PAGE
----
Webinar Recording: Refactoring Rails Applications with RubyMine

Hello everyone,

We’ve been asked when the last Tuesday webinar recording would be available, and now you can watch it on YouTube JetBrainsTV channel.

Rails refactoring guru Andrzej Krzywda shares his experience and best practices during this session. Andrzej shows how to apply typical refactoring recipes to put your code in order, with examples of service objects and other patterns, all using RubyMine refactorings extended with custom shortcuts:

We’ve got a lot of interesting questions during the webinar. Unfortunately there wasn’t enough time to answer all of them online, but Andrzej has now kindly answered the rest. Here are the most interesting ones:

Q: Is a good idea to move services to a controller concern?
A: To be honest, no. I know that I’m against the main rule of DHH’s way, but I really see no point in controller concerns. The reasons I’m using a new class is because it makes it easier to test. It’s also forcing me to decouple the controller state a bit. I don’t really have much experience in using Rails concerns, as I never felt it would be of any help. I prefer more OOP approaches.

Q: Does this kind of pattern reduce/isolate problems of Rails upgrades?
A: This webinar was mostly about the service objects, but I also mentioned repositories, adapters, and form objects.
Repositories help you with encapsulating data access. Inside them it’s OK to use ActiveRecord objects/classes. Repositories have a well-defined scope and are easy to test. This means that after a Rails upgrade you can easily check if db access is still working.
I use adapters for encapsulating all kind of external world access. (BTW, in a way, repositories are adapters too.) You can wrap sending email with a NotificationAdapter, even though it’s part of Rails. The same benefits as above apply: easy to test and easy to verify in case of upgrades.
In its final state, you can use the service objects together with domain objects and test it all without even loading Rails. You just test the business logic and the integrations with other parts (which you can replace with InMemory objects).
All in all, those patterns make it easier to upgrade Rails, as you can check every small bit if it still works with the new Rails version.

Q: How to convince other team members to start the refactoring, especially more “senior” ones focused on classic-Rails-apps-way?
A: Oh, that’s hard. Senior Rails-way people are probably the hardest to convince to refactoring. Rails-way people are great for making the first versions of the product. Maybe suggest that your senior team members work on those phases so that they’re not involved in the long-term work ;)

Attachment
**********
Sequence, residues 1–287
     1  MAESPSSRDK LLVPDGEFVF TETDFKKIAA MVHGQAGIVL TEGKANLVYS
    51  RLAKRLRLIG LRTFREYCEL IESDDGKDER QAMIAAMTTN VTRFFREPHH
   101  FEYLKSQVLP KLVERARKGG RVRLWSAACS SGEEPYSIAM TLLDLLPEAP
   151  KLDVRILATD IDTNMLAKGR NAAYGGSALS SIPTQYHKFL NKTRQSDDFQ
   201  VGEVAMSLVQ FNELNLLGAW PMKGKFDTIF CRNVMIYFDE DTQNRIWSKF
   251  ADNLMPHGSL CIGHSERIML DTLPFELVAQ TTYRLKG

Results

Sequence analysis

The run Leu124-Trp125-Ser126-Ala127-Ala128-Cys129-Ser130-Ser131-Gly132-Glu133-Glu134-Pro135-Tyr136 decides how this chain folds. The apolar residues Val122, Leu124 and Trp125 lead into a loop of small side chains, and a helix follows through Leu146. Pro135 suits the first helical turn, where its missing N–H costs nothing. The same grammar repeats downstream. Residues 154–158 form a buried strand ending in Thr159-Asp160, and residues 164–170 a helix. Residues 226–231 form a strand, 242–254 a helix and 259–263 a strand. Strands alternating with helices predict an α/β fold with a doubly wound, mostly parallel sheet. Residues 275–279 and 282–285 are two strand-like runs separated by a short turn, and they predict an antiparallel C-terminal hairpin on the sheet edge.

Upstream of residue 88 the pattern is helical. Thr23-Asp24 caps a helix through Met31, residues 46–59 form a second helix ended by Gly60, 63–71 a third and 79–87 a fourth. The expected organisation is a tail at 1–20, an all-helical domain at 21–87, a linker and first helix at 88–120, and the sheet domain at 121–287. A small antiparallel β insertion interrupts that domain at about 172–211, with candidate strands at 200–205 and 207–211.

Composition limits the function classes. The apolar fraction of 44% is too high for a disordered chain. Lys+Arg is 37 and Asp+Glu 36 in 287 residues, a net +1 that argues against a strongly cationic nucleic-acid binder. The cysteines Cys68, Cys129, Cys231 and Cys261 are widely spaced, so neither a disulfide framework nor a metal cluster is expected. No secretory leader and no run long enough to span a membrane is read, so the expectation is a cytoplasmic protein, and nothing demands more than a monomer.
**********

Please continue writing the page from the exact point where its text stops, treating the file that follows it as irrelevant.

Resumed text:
Q: Do you have some rule which params you pass to constructor of service object, and which to execute/call method?
A: I put the collaborators to the constructor and other params to the execute/call method. The main reason is that I often want to replace the collaborators with some in-memory fakes during testing and the constructor feels better for it. However, in the end, it’s not really an important difference.

Q: What do you think is better, refactoring on the way and trying to optimize the code, or refactoring after you are completely done with the feature/iteration?
A: Theoretically, we can do refactorings before/during/after each ticket/feature/iteration. My favorite way is to do it during the current ticket. Sometimes it’s better to start with some preparatory refactorings and then do the ticket. In other cases it’s better to do the refactoring along the way. It always depends on what needs to be done, how much new code is involved, etc. I’m not a big fan of doing refactorings at the end of the iteration, as it’s difficult to define the scope and the goal in such case, IMO.

Q: What benefit do we get for expressing CreateTimeEntry as a class? It has two methods, initialize and execute, so it is basically just a functor. How is this better than a private method of the controller?
A: That’s a very good question! Overall, the difference is not that huge. Extracting a service objects is often just a cosmetic change. I’d say that the two main benefits are the following:
1. Making it its own class makes it easier to test. We can construct the object with some fake collaborators, once they appear. A common pattern we do is to introduce the concept of repositories at some point. Then, we can use an InMemoryRepo in the tests, saving a lot of time in not hitting the database. All of this is also possible while having it in the controller, but it’s a bit easier this way.
2. Extracting the service object forces us to untangle the global state of the controller. We now need to be explicit with what we pass as the params. No longer can we rely on the proper @ivars being set. I believe that it’s a good thing in the longer run.

We also have a small gift to Wojciech Piekutowski for his question about convincing senior Rails-way people to refactoring – a free RubyMine personal license! Wojciech, we will send you all the instructions on how to get your license shortly.

If you still have any questions, please ask them here in comments. Stay tuned to catch our new webinars!

Develop with pleasure!
JetBrains RubyMine Team

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